Faced with heaps of unmatched socks fresh from the dryer, how can you most efficiently sort them into pairs? In his new book, Bad Choices: How Algorithms Can Help You Think Smarter and Live Happier, Ali Almossawi SM ’12 ponders this and other common scenarios to show how to make better decisions.
“Computer scientists use several tools to evaluate algorithms. I was interested in seeing if we could use the same tools to evaluate everyday decisions that fit the definition of an algorithm,” he says.
Regarding the socks, Almossawi explains, “We can pick up a sock and then rummage through the pile for its pair. Alternatively, we can put each sock that we select to one side and only pair socks when we find a match. The second method is much faster when we have lots of socks. What’s primarily interesting isn’t the ability to just say how to best match socks, but the realization that thinking in terms of rates of growth and orders of magnitudes allows us to determine, consistently and in a disinterested way, why one of those methods is much more efficient than the other. And framing the book in terms of familiar scenes from everyday life serves as a compelling way to share concepts from computer science that have led to the innovations that we take for granted nowadays, like websites that recommend movies or restaurants to us and apps that help us get one place to another.”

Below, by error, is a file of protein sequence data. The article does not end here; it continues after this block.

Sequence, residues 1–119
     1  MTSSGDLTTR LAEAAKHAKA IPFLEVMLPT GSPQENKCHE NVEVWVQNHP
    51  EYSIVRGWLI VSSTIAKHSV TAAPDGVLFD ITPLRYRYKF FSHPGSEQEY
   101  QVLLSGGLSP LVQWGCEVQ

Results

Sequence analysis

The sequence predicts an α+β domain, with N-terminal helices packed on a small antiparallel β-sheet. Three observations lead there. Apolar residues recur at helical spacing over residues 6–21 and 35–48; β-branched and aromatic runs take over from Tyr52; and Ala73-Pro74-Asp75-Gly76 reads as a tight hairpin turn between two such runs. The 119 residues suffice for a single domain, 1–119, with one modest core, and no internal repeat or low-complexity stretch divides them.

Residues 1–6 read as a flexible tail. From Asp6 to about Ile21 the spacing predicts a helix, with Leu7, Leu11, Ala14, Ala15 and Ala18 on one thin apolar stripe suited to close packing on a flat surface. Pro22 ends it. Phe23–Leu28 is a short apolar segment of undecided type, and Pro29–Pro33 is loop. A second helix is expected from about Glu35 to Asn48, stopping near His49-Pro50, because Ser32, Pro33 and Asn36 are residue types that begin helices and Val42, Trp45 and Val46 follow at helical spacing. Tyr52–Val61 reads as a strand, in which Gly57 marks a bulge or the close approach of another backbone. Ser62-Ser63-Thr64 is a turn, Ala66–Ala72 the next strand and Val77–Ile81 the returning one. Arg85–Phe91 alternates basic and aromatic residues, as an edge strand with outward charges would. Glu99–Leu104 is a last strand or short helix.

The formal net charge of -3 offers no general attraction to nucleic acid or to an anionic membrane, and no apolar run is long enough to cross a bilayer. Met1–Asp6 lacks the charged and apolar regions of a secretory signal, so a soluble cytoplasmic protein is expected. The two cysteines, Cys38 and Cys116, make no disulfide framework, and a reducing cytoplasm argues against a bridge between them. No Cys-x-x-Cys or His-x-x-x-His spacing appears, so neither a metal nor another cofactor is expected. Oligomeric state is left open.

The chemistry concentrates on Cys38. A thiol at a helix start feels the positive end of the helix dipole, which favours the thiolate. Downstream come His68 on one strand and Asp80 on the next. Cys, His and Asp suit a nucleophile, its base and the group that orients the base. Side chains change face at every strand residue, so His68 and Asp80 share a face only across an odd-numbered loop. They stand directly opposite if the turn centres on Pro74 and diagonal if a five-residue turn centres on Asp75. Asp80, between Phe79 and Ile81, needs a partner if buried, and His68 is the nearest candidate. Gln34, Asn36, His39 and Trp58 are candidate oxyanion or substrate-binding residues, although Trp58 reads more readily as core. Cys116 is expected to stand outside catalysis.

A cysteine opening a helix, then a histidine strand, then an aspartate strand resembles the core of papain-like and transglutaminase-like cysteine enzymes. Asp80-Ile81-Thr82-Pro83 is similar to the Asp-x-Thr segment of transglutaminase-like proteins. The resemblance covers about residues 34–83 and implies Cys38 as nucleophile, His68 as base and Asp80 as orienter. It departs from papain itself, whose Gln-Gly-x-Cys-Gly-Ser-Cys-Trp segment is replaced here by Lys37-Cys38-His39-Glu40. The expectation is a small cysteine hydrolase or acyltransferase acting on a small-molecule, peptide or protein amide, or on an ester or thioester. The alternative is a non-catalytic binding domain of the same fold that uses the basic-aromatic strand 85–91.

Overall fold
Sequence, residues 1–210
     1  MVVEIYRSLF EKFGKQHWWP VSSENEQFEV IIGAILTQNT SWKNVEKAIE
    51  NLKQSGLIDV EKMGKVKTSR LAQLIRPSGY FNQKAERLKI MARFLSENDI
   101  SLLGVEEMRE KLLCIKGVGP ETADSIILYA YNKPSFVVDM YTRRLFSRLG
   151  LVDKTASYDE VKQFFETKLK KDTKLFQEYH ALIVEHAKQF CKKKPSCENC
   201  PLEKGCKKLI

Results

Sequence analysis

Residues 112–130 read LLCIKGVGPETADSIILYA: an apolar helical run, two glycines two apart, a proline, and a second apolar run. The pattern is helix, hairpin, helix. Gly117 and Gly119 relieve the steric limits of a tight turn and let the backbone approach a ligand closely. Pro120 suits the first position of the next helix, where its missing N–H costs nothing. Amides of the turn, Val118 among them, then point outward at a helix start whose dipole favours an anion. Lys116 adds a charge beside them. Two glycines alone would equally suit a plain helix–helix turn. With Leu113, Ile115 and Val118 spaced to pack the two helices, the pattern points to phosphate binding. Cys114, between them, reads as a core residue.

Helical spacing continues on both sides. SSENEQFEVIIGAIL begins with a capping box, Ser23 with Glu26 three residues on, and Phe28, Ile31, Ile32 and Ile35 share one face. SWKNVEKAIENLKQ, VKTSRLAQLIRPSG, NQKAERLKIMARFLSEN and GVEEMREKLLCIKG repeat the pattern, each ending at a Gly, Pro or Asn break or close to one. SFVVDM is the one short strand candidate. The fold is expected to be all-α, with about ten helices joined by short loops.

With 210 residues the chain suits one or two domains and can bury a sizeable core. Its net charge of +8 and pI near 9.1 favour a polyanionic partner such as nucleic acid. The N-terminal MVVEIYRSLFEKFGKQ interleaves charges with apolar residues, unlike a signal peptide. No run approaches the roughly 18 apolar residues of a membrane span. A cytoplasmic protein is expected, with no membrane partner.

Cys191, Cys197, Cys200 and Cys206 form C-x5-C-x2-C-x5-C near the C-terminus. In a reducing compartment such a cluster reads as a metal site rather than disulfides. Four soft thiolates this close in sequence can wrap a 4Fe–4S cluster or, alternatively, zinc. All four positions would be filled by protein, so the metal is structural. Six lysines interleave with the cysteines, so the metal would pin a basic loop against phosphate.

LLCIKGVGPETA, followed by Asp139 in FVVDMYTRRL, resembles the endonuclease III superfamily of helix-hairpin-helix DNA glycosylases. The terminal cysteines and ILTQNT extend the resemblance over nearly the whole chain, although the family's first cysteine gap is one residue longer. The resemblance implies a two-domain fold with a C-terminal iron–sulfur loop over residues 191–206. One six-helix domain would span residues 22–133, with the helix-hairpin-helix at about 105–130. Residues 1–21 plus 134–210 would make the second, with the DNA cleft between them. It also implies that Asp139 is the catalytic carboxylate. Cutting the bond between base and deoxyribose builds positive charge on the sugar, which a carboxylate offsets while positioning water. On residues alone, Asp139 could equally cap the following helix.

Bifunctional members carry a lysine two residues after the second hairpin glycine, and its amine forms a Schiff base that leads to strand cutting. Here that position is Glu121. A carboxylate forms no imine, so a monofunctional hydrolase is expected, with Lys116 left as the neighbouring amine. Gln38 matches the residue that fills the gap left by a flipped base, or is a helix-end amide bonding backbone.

Almossawi’s prior book, An Illustrated Book of Bad Arguments, has been translated into 18 languages. The charming illustrations in both books are by Alejandro Giraldo, based on Almossawi’s preliminary sketches.
Explaining topics using pictures and examples grew out of Almossawi’s multidisciplinary work at MIT. Shortly after he began graduate studies in what is now the MIT System Design & Management (SDM) program, a Sloan professor offered him a research assistantship that required doing data visualization. “I had no idea what that meant,” he recalls. “Essentially it’s taking data that’s not very accessible and turning it into something engaging and interesting to a particular audience.”
For example, he might design a graph to explain a specific concept. Among other things, he would consider “what kind of graph it should be, whether it should be interactive, what kind of story it should tell, and how to encode various dimensions of the data using color and position and so on.”
That work helped Almossawi develop his career path. In parallel with his studies, he had the opportunity to collaborate with a Media Lab group (then called Macro Connections) for six months, and then he was hired by the Firefox team at Mozilla to do data visualization full time. Now he works for Apple in the same field.
“MIT changed the way I thought about things. My cohort in the System Design and Management program came from different engineering backgrounds such as space, civil, mechanical, hardware, so the solutions to problems were always intriguing,” he says.
“The common thread in my projects at MIT, these books that I write on the side, and my work at Mozilla and Apple is turning something inaccessible into something that's compelling.”